The Government of British Columbia introduced Bill 21 containing its proposed amendments to the Class Proceedings Act, RSBC 1996, c. 50 (the “CPA”) on 23 April 2018. If passed, these amendments will significantly change class proceedings in British Columbia by bringing them in line with the Uniform Law Conference of Canada’s Uniform Class Proceedings Act (Amendment) 2006 and with other provinces, such as Alberta and Saskatchewan, whose legislation already permits certification of multi-jurisdictional class actions.

The proposed amendments to the CPA would expand the definition of “class proceeding” to include multi-jurisdictional class proceedings, which are those “brought on behalf of a class of persons that includes persons who do not reside in British Columbia.” The proposed amendments also include a number of new procedural provisions to specifically address certification of multi-jurisdictional proceedings.

Certification of Multi-Jurisdictional Proceedings (National Class)

The certification of multi-jurisdictional proceedings can be expected to raise a number of distinct procedural issues, and the proposed amendments in Bill 21 include provisions intended to address these challenges. In particular, challenges will arise where there is an application to certify a class in British Columbia and an existing class proceeding or proposed class proceeding in another jurisdiction involving the same or similar subject matter. In such circumstances, the proposed amendments would require that notice of the application for certification be provided to the representative plaintiff of any other multi-jurisdictional class proceeding. Such notice would then entitle that representative plaintiff to make submissions at the certification hearing in British Columbia.

The proposed amendments also require that the British Columbia court hearing the certification application consider whether British Columbia is the preferable jurisdiction for the class proceeding. If the judge determines, with reference to the objectives and factors set out in the proposed amendments, that British Columbia is not the preferable jurisdiction, the judge may, among other things, refuse to certify a multi-jurisdictional class proceeding in favour of the class proceeding in another jurisdiction.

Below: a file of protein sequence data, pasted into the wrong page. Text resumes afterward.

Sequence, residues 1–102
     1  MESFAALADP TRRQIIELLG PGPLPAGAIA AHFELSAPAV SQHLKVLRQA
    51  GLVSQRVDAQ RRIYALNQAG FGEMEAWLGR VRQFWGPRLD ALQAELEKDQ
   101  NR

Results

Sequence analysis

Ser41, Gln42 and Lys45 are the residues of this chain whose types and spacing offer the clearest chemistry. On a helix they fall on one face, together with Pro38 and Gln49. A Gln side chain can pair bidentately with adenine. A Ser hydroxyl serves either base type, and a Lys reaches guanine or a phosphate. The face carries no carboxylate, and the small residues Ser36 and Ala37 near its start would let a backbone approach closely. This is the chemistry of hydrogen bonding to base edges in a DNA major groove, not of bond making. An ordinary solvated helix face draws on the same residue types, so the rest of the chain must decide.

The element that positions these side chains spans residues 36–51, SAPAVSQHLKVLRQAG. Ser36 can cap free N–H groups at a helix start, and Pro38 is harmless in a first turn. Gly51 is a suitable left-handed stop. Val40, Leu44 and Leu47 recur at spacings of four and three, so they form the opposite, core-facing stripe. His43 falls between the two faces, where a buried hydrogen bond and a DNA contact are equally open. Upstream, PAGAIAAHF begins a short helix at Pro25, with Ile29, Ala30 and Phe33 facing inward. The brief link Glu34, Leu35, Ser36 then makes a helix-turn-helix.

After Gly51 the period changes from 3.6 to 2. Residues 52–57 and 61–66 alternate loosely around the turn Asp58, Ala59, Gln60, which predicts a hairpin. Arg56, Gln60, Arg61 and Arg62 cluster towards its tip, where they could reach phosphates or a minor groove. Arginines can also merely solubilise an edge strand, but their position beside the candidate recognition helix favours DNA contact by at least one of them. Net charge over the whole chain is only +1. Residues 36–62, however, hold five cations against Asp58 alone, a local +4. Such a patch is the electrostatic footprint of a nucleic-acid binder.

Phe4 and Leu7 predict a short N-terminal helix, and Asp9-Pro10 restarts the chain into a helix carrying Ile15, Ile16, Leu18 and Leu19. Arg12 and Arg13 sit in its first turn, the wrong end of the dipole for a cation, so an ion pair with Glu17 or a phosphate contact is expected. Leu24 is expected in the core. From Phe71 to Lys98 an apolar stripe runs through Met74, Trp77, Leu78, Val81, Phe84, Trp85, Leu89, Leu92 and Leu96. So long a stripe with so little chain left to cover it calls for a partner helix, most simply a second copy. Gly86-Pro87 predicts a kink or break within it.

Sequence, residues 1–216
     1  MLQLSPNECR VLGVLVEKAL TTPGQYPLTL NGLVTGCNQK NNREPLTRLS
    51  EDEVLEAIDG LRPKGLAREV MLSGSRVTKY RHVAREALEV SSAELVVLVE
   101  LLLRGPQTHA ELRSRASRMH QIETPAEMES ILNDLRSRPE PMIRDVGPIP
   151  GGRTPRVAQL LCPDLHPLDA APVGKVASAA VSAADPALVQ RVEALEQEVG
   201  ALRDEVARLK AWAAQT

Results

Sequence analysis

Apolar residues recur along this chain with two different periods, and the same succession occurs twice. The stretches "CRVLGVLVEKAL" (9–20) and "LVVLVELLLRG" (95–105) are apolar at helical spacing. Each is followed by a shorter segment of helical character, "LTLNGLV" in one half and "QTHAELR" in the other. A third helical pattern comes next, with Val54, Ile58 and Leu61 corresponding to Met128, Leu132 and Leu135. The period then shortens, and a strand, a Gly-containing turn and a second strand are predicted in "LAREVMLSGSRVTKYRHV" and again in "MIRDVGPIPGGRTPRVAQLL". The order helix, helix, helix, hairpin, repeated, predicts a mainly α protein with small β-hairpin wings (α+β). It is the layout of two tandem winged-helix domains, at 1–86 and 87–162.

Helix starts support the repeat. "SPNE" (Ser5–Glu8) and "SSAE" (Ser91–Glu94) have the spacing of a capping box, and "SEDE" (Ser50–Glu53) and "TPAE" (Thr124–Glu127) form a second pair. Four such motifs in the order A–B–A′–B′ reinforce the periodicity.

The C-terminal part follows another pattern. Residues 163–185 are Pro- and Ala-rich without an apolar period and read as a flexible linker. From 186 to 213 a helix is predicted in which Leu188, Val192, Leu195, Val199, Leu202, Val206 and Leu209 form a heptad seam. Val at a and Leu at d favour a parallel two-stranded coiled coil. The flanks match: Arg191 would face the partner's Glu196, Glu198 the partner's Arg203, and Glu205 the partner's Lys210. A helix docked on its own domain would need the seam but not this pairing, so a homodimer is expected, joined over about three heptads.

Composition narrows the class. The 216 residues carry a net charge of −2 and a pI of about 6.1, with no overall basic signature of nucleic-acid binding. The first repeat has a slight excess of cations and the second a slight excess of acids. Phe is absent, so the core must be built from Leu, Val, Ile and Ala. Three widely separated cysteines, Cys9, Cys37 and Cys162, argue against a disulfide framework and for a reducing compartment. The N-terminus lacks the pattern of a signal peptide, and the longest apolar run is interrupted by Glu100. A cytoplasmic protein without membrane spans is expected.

Opting Out by Non-Resident Class Members

Under the existing CPA, non-residents of British Columbia who would otherwise be members of the class must actively opt-in to class proceedings in British Columbia. The proposed amendments will transform class proceedings in British Columbia into an opt-out system in which non-residents are automatically included as members of the class without having to take express steps to join the proceedings. This change would parallel other jurisdictions, such as Ontario, where opt-out provisions have already been implemented.

Transition

If the proposed amendments to the CPA are passed, the existing rules with respect to class proceedings and the requirement for non-resident class members to opt-in will continue to apply to all class proceedings certified before the amendments come into force. However, the proposed amendments permit the court, upon application by a party to the class proceeding, to amend any existing certification order and convert it into a multi-jurisdictional proceeding. On the other hand, a class proceeding commenced before but certified after the amendments come into force would include non-resident members of the class as per the proposed amendments.

Conclusion

Overall, the proposed amendments contained in Bill 21 would bring significant change to the class proceedings regime in British Columbia. While these changes would have a number of effects, the most notable of these is that British Columbia would likely be viewed as a more attractive forum for multi-jurisdictional class proceedings especially in light of the fact that it remains to be a “no cost” regime. As a result, the number and size of class proceedings in British Columbia can be expected to increase.